Why the Giver Should Not Be Banned

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Giving The Giver Back to CMS Library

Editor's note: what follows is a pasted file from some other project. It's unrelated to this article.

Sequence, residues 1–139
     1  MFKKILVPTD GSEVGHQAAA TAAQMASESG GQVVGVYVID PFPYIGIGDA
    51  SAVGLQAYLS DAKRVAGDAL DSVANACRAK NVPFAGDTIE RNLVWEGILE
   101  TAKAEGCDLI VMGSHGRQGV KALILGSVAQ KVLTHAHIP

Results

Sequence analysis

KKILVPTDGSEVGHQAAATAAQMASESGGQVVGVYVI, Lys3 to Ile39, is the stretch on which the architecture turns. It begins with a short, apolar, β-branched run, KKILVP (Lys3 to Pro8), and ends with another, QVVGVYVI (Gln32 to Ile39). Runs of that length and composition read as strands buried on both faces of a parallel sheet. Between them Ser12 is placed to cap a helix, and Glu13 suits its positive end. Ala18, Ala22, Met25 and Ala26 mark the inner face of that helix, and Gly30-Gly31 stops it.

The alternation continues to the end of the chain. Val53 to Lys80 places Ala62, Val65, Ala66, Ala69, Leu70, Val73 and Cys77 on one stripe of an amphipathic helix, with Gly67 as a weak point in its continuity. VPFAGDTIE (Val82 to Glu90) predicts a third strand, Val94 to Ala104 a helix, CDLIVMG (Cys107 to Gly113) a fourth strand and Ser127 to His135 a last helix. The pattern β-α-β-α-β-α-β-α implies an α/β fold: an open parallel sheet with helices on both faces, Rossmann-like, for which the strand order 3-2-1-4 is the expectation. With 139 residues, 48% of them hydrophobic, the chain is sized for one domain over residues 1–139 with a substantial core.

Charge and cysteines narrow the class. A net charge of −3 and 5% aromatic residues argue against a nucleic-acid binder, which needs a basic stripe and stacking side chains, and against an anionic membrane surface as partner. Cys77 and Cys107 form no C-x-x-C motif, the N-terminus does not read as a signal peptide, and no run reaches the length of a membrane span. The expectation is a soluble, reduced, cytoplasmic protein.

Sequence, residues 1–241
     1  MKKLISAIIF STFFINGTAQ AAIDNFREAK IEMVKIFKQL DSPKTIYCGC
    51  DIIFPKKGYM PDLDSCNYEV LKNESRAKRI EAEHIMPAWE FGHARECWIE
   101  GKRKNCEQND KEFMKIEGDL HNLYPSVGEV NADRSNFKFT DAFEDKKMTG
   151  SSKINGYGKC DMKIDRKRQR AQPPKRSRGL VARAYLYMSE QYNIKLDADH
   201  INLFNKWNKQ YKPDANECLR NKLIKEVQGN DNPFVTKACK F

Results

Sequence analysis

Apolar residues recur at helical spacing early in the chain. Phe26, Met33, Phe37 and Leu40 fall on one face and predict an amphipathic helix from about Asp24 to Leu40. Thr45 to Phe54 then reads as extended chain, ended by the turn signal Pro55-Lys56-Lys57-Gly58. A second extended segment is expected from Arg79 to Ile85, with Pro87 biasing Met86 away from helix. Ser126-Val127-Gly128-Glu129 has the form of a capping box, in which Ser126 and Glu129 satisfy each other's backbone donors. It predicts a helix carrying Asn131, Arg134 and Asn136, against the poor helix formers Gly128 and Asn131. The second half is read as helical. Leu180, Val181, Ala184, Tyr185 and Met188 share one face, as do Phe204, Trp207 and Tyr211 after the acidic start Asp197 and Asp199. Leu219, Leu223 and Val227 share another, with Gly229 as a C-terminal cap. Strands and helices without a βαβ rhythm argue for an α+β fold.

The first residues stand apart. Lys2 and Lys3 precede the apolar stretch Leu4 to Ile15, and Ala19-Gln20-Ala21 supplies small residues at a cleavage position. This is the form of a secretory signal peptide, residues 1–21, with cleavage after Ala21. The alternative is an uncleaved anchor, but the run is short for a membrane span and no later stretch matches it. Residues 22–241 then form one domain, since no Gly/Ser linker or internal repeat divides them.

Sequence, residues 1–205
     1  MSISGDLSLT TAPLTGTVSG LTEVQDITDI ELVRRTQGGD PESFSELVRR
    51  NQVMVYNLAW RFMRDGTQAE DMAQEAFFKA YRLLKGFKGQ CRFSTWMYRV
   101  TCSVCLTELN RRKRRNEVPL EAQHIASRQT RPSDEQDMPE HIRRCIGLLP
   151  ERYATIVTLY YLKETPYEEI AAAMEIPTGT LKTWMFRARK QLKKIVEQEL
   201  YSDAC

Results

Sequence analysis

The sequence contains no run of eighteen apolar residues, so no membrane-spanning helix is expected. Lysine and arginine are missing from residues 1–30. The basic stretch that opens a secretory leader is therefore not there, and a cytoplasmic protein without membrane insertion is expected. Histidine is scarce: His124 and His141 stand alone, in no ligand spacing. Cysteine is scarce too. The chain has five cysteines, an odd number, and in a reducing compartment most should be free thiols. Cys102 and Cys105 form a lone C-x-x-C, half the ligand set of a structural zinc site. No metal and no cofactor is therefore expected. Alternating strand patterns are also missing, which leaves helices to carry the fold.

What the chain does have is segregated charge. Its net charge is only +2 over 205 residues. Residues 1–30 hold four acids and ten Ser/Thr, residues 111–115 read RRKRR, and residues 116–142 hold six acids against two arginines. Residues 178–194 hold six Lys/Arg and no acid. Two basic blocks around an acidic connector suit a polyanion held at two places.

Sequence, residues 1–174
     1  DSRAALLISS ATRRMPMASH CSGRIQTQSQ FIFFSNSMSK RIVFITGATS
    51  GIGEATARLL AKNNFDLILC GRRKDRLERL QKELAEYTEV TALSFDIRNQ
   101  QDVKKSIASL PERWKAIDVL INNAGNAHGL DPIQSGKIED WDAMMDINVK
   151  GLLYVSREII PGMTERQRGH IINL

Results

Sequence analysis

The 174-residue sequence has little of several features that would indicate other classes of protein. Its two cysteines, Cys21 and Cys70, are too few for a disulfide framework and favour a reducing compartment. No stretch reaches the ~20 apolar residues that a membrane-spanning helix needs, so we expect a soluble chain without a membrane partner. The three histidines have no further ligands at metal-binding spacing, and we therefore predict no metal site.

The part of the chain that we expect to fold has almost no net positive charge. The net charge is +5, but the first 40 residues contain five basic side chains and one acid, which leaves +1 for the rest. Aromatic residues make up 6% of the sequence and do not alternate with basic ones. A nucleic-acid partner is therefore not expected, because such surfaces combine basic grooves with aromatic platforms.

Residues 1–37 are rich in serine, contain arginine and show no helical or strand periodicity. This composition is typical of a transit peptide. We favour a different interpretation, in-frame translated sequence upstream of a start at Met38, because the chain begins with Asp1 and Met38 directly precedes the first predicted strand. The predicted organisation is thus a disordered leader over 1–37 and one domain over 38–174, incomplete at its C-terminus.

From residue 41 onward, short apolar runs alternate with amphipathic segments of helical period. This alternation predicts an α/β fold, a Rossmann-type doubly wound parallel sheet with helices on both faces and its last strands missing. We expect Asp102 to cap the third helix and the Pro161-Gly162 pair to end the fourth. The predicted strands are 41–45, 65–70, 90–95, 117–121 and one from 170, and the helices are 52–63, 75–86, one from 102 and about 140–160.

According to the American Library Association (ALA), young adult novels are challenged with the best intentions. In most cases a parent will read a book that their child might be reading in class to find out if the book is hazardous to their child’s well-being. If the novel seems problematic, the parent then challenges the book. Even though the purpose of challenging a novel is to keep children from reading about issues that may not be seen as appropriate for their age group, censoring children from difficult subject matter is not always the solution. There is always controversy when difficult issues arise in adolescent geared novels. Even though there are many concerns with Lois Lowry’s The Giver, this book should not be banned from the Coopertown Middle Library. The Giver is about an eleven-year-old boy named Jonas is a light-eyed boy who lives in a Utopian society. Within his society, there is no suffering, no hunger, no war, no color, and no love. There is no uniqueness and everyone is, in essence, the same. No one leaves the community unless they are released, which normally only happens to elderly adults, sick infants, or those choosing to break the rules. When the children turn twelve, they are assigned professions. Jonas was skipped when it was his turn to receive a profession, and at the end of the ceremony he is selected to be The Receiver of Memory. He is the apprentice of The Giver, an elderly man that was the former receiver, which gives him memories of humanity. Jonas gets to experience things like color, emotion, landscapes, passion, all things that are not present in his community. Even though he gets to experience good things like sledding down a hill, he is also exposed to war and death. All of this new knowledge causes Jonas to feel a need to rebel. No one in his community has ever felt any of the things he has recently experienced, and this makes him wonder what else his community is keeping from him. A year later, Jonas finds out that when the community releases people, which again, only happens to the very elderly, the sick infants, and the rule breakers, they are actually lethally injecting them. This strikes a cord with Jonas, not only because of the moral issue, but also because he and his family are nursing a sick baby, Gabriel, back to health. Gabriel is a lot like Jonas in that he has light eyes, a trait that only The Receiver can have. In order to prevent Gabriel from being released, Jonas and The Giver devise a plan to fake his own death with the intention of running away to Elsewhere, a place that is the complete opposite of his community, with Gabriel. If The Receiver escapes the community, all of the memories are then made public. Not only will they have to deal with the new emotions, but also they will understand what it means to have choices. Even though Jonas is risking his and Gabriel’s lives, he knows that this is the best decision, not only for him, but also for his community. The night before he decides to put his plan in action, Jonas learns that Gabriel is to be released the next morning. He has to act quickly, and proceeds to take Gabriel and his bike, and runs away quickly. Weeks later, hungry and tired, Jonas is still biking with Gabriel. Jonas precedes to try to give Gabriel memories of happiness in order to prevent him from dying. Finally, it starts to snow and they reach a hill with a sled. He sleds down the hill, fully confident that when he reaches the bottom he will be Elsewhere. One of the first things that critics seem to notice is the Utopian environment in which the book is set. This is challenged because parents do not want their children to think that perfection is something that is attainable. While this may be a valid point, what parents must realize is that Jonas is aware of the imperfections of his community midway through the novel. He begins to understand that the perfect world that he is growing up in...
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